Room Weaving

January 19th, 2010 by Dionna | 10 Comments
Posted in Children, Eclectic Learning, Preschoolers, Toddlers

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I have been reading a book by Mary Ann Kohl called Making Make-Believe. It has over 100 unique ideas for helping foster creative and dramatic play.

The author explains why dramatic play is important for children’s development. Here are some of the ways that making make-believe benefits kids:

1) Cognitive – children solve problems like who gets to be the wolf, or what to use as a prop for a magic wand. Language develops as children use sentences and phrases to direct the pretending and communicate with each other. Children may also learn to understand symbolic thinking such as mime or using imaginary props.

2) Emotional – pretending is the perfect time for children to express emotions and to learn to be in control of their own play. It is a time to work through stressful or happy occasions. It is a time to let fantasy and reality blend without the worry of which is which.

3) Social – playing and pretending with others is a time to learn how to get along, share roles, cooperate, and work through problems. Role-playing is a chance for children to “try on” the roles of people in their lives, like a baby sister, parent, or teacher, or roles from their imaginations, like dinosaurs and firefighters.

4) Creative – creativity blossoms and grows through pretending and dramatic play. The children use their imaginations to steer play, to control it with rules and guides, and to make use of props and accessories in new and wonderful ways. And only they have the power to undo, redo, or create their play situations.

5) Physical – all of the many things children do as part of their play will help develop fine and large motor skills, which will later help them do things like cut with scissors, hold a pencil, jump rope, or write their names. (1)

I am so excited to try some of the ideas with Kieran. Here is one that looks particularly fun:

Room Weaving

*Tie any smaller pieces of string & yarn together to make one long strand. Roll into a ball. To begin room weaving, tie one end of the string/yarn to a doorknob, closet rod, bedpost, or chair leg. Take the string from one object to another, tying or wrapping around furniture or objects to hold it in place. String can crisscross itself and go all around the room like a web. Now weave and tie strings in between the first strings. A plan is not necessary, just keep tying and weaving strings to strings. When the web is done, imagine and play in the room weaving. Pretend the room weaving is an imaginary world, a spider web, a thick jungle, an underground cave. You could also add sheets/blankets to create little forts.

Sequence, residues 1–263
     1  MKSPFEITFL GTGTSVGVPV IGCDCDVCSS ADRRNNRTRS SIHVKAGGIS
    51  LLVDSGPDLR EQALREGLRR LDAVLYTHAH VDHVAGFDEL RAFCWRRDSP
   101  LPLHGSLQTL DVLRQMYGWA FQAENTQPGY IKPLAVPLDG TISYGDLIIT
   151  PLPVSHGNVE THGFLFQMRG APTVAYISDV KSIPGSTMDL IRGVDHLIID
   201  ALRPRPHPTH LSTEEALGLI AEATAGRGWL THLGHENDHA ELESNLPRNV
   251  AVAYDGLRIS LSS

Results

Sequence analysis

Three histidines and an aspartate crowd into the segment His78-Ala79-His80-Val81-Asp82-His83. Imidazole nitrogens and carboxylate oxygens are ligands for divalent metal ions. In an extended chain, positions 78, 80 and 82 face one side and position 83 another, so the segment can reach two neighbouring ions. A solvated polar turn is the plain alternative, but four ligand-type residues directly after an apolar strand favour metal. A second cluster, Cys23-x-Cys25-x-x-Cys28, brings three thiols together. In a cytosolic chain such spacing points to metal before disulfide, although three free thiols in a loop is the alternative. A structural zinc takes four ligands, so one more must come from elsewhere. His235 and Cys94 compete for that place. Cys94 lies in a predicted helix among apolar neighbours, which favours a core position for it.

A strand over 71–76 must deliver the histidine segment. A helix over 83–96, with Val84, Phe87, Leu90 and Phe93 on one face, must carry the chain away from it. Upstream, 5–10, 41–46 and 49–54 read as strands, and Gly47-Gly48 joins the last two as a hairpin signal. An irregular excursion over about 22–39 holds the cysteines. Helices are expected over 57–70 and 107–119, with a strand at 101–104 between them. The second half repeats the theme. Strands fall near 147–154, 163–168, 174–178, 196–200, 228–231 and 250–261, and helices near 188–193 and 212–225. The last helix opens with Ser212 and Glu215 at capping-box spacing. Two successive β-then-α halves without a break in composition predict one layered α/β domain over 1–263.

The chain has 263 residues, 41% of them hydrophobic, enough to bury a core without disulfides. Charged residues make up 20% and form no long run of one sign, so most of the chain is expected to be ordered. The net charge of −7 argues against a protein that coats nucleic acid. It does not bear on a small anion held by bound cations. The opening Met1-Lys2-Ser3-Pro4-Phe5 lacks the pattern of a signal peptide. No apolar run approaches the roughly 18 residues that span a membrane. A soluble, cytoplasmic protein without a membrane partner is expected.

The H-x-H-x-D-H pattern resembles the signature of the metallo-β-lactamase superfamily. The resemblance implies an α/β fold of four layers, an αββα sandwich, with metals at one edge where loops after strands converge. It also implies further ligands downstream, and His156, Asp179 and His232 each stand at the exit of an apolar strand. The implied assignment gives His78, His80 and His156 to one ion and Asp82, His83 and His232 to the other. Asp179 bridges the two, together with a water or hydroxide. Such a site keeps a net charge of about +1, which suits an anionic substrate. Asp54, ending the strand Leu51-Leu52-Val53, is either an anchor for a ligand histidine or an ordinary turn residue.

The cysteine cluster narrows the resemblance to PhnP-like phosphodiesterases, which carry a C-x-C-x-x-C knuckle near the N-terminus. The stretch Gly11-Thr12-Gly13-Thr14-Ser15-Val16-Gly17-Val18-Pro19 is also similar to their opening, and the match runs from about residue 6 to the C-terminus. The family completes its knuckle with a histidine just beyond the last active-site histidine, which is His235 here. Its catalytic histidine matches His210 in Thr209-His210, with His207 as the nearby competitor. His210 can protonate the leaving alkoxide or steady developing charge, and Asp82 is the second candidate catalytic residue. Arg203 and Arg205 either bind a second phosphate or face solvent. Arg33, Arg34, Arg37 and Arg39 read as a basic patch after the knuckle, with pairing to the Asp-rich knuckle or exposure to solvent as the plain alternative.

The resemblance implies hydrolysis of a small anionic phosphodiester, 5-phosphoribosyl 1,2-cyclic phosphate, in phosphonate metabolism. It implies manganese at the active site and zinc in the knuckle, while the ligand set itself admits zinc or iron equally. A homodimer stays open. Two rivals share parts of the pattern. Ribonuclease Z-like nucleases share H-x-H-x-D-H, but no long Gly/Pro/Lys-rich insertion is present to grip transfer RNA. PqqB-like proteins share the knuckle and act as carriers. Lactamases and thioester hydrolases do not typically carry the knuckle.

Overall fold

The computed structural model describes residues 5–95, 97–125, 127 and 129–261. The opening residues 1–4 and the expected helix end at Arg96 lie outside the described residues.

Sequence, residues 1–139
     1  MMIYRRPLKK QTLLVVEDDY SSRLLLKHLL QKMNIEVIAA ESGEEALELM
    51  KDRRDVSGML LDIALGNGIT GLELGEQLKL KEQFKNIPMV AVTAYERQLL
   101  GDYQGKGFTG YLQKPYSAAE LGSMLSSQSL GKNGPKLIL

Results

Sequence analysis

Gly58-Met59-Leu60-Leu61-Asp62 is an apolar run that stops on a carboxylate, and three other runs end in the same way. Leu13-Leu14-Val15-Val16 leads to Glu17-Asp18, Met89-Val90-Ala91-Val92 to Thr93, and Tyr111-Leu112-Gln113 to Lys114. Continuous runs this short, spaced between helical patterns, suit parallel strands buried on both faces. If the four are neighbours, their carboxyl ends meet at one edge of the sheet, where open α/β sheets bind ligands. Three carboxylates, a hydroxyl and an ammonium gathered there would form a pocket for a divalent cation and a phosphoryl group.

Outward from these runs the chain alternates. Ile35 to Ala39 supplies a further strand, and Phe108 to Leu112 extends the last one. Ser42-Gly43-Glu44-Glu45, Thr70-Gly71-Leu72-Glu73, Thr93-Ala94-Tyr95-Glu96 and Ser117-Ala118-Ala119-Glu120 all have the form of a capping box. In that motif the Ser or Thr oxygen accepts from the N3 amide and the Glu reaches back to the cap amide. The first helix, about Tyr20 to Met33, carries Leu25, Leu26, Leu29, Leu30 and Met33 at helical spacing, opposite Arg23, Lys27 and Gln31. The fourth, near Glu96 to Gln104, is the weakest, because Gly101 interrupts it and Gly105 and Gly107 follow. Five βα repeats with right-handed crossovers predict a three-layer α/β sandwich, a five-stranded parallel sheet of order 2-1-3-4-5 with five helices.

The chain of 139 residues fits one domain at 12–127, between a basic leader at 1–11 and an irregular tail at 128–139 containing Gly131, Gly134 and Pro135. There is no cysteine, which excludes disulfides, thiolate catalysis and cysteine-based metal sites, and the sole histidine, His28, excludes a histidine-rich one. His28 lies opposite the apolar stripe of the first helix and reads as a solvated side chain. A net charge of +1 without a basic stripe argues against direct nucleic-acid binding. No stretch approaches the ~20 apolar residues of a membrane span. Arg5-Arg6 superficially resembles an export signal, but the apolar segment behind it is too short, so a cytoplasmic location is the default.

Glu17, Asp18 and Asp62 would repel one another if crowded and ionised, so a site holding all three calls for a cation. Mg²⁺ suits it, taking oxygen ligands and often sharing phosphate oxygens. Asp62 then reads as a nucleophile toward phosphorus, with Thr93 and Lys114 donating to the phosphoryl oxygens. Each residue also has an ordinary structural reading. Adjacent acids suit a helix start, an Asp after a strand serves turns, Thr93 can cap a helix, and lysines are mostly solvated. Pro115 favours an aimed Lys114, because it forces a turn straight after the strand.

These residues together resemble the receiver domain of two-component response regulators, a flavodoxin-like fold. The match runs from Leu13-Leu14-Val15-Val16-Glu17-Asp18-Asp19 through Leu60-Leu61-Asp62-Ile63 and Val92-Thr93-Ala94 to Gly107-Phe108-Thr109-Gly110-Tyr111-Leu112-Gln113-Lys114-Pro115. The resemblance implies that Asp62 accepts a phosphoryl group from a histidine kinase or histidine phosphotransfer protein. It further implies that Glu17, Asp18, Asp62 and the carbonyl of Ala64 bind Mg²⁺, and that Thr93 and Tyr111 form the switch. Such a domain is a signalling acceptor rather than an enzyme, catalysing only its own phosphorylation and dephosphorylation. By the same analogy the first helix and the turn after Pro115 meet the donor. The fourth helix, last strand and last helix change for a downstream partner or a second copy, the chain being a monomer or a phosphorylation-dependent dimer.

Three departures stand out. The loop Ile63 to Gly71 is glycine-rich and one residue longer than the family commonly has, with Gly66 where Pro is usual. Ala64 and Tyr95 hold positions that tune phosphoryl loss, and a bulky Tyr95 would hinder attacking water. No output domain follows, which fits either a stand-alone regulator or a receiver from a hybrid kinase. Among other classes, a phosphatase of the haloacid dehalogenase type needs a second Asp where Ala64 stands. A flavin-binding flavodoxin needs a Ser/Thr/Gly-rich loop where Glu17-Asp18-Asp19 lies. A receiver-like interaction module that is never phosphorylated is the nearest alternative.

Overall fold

I think these dudes need a little help from a 3 year old.

Once we try this activity, I’ll be sure to post pictures of our own room weaving.

What are your toddler’s or preschooler’s favorite make-believe activities?

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(1) Kohn, Mary Ann, “Making Make-Believe: Fun Props, Costumes, and Creative Play Ideas,” at 10 (1999). “Room weaving” is found on page 21.

10 Responses to:
"Room Weaving"

  1. Recovering Procrastinator   jenwestpfahl

    My kids like to act out parts of movies and like to pretend to do everyday things like play store, garage sale, restaurant, doctor, house. And they are always saying they are somebody other than themselves, whether another family member or a movie character or an animal or just a random name.

    • Dionna   CodeNameMama

      Kieran’s not quite at the level your kids are, but we are playing “store” and we do make our trains/puppets/dolls talk during play. Someday!

  2. Amber   AmberStrocel

    My kids do room weaving, or something very much like it, with my yarn. The difference is that it’s not usually a pre-approved activity. Let me tell you, finding all your precious yarn ‘woven’ around the house is not much fun. Maybe I should stick to fort-building for play, less baggage for me. ;)

    • Dionna   CodeNameMama

      Poor woman – I have managed to keep my yarn put up thus far. I did, however, knit Kieran a beautiful scarf that has just disappeared. He wore it once – when it was done I tried it on him. And now it’s gone :( Heartbreaking!

  3. Heather   xakana

    Lilly does this on her own with cords she gathers from around the room and the doorknob.

  4. Melodie   bfmom

    What an incredibly fun-sounding idea! Totally something I will try this week, especially since I’m sick and can’t play with them too much right now.

  5. Acacia

    Definitely going to try this one with Everett. He is just getting into imaginative play- pretending to go to someone’s house, go to the store, etc. And he loves to tell stories, which I think is imaginative play in some form. Maybe…. I should help him act out the stories he comes up with! That would be fun. Thanks for the inspiration!

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